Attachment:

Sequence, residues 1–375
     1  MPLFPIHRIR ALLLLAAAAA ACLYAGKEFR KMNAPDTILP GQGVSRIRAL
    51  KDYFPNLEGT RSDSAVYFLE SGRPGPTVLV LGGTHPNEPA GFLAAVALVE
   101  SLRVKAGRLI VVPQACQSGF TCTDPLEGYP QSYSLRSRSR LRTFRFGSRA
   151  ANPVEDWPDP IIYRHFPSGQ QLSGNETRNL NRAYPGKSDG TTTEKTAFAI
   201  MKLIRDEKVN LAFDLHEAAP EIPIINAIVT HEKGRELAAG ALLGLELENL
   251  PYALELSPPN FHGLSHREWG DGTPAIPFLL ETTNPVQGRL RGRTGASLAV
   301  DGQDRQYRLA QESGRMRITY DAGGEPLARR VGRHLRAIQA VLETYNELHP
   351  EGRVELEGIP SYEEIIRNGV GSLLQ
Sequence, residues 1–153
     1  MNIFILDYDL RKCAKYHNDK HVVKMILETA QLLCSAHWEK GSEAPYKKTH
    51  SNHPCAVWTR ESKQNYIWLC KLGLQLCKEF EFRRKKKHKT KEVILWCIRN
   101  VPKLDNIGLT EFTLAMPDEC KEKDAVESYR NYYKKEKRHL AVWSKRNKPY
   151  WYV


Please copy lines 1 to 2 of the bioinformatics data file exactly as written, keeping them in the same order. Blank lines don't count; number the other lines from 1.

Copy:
Sequence, residues 1–375
     1  MPLFPIHRIR ALLLLAAAAA ACLYAGKEFR KMNAPDTILP GQGVSRIRAL